9. Now one hand is dirty (and/or, now use your hand sanitizer)
  10. If you’re not the one packing, leave your bags at home.
  11. Cash or charge:  Touchpads, signature blocks, styluses, and the like.
  12. Now both your hands are dirty (and/or use your hand sanitizer)
  13. Chat with your cashier, but … don’t thank them for being there.
  14. Optionally:  Quarantine your groceries.

Item 5 is self-explantory:  Maintain your 6′ distance from your fellow shoppers and store workers.

That said, I note that the Pan Am Safeway remains open 24 hours a day.  I believe Giant still opens at 6 AM.  And Whole Foods is offering a special early-AM time slot for the elderly.  In any case, if you want to minimize your risks, go in the wee hours of the morning.  I can assure you that at 7 AM on a Saturday, the Safeway was not at all crowded.

Item 6 is something that I originally entitled:  Coughing at the grocery store is the new farting in an elevator.  If you cough, you’re going to get some hard looks, no matter how politely you do it.

So here’s the anecdote.  At 7 AM last Saturday, the Safeway was dead quiet.  I was in produce, and somebody, somewhere in the store, made a little cough.  You could hear it all over the store.  Just a little throat-clearer, mind you.  Didn’t sound like the perpetrator had TB or anything.  My fellow shoppers and I reacted like a herd of deer — heads came up, people were looking around.  Eye contact was made.  Were it not for the fact that we’re all trying to avoid catching a deadly disease, it would have been pretty damned funny.  As it stands, it was just an indicator of how tense we were pretending not to be.

You’ll have to make your own call on masking up.  As I understand it, CDC says that “surgical masks” (meaning, thin paper masks that are sold as “nuisance dust” masks in hardware stores) are of no value in this situation.  Elsewhere, I have read that they provide some limited benefit, just not as good as an N95 (thick, particulate-arresting) mask.  FWIW, so far, I’ve gone un-masked.  I might wear a dust mask/surgical mask on my next trip.


IV:  Addressing potential surface-borne contagion on the food and packaging itself.

And here, I mean the potential for the food itself, packaging, and other items to be contaminated.  Anything that you’d spread around with your hands, by touching surfaces in the store, that’s already been covered.

  1. Go infrequently and make a list.
  2. Ask friends if they need anything.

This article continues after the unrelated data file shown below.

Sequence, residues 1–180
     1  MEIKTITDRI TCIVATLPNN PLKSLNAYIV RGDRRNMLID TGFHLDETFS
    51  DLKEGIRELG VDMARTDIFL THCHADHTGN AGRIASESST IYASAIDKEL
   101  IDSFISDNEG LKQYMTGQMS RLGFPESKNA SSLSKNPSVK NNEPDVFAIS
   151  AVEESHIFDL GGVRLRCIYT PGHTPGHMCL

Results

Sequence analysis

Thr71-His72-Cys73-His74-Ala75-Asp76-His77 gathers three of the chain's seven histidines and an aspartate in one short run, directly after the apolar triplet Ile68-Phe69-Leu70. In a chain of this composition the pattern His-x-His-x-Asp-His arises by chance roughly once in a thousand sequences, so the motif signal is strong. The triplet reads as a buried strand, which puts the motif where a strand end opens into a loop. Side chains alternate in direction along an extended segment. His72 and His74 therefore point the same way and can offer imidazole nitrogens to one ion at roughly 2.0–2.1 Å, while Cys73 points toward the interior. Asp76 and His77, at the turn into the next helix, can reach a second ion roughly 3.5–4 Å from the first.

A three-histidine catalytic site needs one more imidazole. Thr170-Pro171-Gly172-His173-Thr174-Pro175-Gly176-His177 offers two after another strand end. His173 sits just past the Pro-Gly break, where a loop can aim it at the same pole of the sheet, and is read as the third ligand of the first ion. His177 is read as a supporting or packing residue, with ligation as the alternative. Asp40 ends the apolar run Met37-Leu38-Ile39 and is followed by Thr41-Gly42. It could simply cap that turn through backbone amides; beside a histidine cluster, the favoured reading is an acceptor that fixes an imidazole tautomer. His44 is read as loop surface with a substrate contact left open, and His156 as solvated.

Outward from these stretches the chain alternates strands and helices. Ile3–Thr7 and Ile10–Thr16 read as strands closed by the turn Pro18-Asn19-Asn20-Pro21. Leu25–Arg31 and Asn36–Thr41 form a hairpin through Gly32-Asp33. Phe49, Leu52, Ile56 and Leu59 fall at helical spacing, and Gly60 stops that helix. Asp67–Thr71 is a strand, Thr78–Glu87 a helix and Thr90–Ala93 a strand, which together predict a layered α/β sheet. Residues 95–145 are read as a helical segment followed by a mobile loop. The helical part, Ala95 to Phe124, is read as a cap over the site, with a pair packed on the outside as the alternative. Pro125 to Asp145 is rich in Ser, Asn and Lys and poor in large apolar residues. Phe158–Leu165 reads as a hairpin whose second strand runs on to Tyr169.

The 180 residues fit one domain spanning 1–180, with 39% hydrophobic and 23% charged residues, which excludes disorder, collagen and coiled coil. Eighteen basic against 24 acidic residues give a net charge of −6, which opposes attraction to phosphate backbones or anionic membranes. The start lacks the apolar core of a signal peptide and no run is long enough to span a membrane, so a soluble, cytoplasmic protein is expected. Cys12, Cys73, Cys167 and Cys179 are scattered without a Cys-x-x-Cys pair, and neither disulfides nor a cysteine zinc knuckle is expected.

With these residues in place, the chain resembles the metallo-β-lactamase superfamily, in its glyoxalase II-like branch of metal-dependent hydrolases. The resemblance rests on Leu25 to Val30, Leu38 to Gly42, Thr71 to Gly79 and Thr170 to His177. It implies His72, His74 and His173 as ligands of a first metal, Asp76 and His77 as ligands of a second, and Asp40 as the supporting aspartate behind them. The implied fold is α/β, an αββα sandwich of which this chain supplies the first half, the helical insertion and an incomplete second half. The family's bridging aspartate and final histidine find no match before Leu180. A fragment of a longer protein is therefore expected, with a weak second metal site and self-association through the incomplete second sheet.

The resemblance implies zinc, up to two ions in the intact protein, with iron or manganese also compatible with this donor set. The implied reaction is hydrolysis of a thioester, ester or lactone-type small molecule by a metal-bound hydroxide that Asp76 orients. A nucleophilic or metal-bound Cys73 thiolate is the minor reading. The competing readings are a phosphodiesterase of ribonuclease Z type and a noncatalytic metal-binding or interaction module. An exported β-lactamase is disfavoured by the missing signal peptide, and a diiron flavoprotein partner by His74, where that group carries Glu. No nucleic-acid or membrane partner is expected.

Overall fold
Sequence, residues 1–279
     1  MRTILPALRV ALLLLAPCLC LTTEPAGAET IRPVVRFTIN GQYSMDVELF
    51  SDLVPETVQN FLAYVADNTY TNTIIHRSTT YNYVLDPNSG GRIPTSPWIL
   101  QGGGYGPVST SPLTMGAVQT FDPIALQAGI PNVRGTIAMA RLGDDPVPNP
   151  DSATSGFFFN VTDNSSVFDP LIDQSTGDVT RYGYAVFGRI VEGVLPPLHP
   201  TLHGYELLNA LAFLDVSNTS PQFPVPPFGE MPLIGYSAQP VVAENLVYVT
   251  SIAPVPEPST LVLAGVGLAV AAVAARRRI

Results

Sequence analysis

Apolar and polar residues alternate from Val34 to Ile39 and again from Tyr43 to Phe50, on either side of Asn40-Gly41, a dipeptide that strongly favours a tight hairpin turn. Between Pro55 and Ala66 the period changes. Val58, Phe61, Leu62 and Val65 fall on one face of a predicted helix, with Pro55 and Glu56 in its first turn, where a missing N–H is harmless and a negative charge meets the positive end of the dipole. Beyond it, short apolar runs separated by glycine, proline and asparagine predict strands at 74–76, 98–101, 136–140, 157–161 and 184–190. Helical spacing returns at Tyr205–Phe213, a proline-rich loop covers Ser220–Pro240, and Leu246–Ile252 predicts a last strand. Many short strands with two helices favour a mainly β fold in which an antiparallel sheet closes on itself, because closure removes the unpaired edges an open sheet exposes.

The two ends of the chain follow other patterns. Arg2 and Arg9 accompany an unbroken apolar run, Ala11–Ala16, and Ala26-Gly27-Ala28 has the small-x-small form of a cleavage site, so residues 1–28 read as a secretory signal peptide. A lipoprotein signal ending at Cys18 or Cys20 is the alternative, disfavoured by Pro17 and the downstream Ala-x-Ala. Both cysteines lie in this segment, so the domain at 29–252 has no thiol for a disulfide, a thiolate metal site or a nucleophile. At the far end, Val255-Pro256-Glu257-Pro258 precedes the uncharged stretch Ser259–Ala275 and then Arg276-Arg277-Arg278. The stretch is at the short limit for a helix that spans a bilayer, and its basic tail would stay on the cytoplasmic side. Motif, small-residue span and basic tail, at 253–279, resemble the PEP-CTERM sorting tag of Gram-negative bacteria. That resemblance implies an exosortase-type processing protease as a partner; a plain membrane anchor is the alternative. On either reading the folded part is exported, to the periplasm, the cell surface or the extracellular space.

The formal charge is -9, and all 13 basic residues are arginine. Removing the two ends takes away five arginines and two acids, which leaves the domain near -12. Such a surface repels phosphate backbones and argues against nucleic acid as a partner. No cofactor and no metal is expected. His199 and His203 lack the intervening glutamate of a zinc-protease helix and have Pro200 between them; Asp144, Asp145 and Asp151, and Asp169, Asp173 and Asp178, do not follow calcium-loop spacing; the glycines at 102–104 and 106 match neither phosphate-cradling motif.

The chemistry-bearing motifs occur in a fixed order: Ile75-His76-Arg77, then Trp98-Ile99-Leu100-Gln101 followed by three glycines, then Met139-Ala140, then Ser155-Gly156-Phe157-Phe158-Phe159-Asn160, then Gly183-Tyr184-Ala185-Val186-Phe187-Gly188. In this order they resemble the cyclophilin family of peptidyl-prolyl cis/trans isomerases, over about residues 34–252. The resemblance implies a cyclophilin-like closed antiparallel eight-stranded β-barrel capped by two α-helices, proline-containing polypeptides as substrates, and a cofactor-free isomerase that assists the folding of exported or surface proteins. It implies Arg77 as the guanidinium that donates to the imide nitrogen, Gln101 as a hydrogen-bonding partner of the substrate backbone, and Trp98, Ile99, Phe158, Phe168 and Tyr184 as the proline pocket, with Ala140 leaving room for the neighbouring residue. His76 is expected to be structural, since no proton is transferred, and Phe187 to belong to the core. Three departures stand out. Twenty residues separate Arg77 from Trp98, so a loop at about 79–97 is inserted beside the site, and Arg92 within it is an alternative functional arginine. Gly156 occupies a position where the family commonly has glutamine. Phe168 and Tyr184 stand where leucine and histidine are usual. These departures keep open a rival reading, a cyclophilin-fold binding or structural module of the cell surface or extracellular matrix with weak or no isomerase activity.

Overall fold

3. Wash thrice:  Before you go, when you get home, and after unpacking.
  4. Take a page from the newspaper (to cover the handle of the shopping cart).
  5. Keep your distance.
  6. If you gotta cough … stay the hell out of my grocery store.
  7. Shop with your eyes.  You touch it, you bought it.
  8. Frozen food/dairy case/anything requiring you to touch a handle goes last.
  9. Now one hand is dirty (and/or, now use your hand sanitizer)
  10. If you’re not the one packing, leave your bags at home. 
  11. Cash or charge:  Touchpads, signature blocks, styluses, and the like.
  12. Now both your hands are dirty (and/or use your hand sanitizer)
  13. Chat with your cashier, but … don’t thank them for being there.
  14. Optionally:  Quarantine your groceries.

Of these, only 14 might require explanation.  Item 3 is the CDC recommendation, and item 7 is just a request that you try not to spread contagion onto the food.

For item 14, I have read so much conflicting advice, and so much scare-mongering about virus survival times, that I’m just not in a position to give advice with any weight behind it.  If you’re worried about it, set your groceries aside for a day.

As I understand it, possible virus survival times on metal surfaces are quite low, typically quoted as something like two hours.  But you will see reports that disagree.  Survival times on other surfaces such as plastic and paper may be longer.

All I can say is, if you are worried that you may have brought something back with you, set them aside for 24 hours.  I have no hard basis for choosing that time period.


V.  Be nice, but not too nice.

During my last trip to Safeway, I heard a nice lady thanking the people at the fish counter for being there.  It was a nice gesture, but it went over a bit hollow, and while the folks at the fish counter responded politely, I got the sense of a mental eye roll somewhere in the mix.

Retail work is now a hazardous occupation. But IMHO the last thing you want to do is remind the workers of that.  It’s a pretty good bet that they know it.  And you know what?  By and large, they don’t have any choice but to be there.  Or be unemployed.  No work, no paycheck, simple as that.  And they realize they aren’t getting any hazardous duty pay.

In other words, you don’t have to thank them for being there.  For most folks, they have no choice.  And they know it.

So, I’d say, respect the store workers in other ways.  Don’t get in their way.  Don’t be hawking (e.g.) the clerks restocking the frozen food section.  Keep your distance.  If they have their back to you, speak up before you pass them with your cart.  If using staffed checkout, minimize the extent to which the cashier has to handle anything that you touched.   And chat with the cashier as you normally would.


Post scripts:  Multiple errands within one trip, or a separate trip for each errand?  I’m undecided on this one, but I lean toward washing my hands as frequently as possible.  So if I have two necessary errands, I now make two trips.  The logic being that if I have picked up something on my hands in Location A, I don’t want to deposit that in Location B.

And this relates to:  Hand sanitizer.  I’m an agnostic on the efficacy of hand sanitizer in this instance, but that may just be because I’m old.  Or because I don’t have any.  Hand washing is the gold standard of effectiveness.   CDC guidelines make it clear that hand sanitizer is inferior to hand washing in its effectiveness in general.  (I.e., emphasis mine:  ” If soap and water are not available, use an alcohol-based hand sanitizer that contains at least 60% alcohol, and wash with soap and water as soon as you can.”) But if you have it, then by all means, use it liberally.  But wash your hands when you can.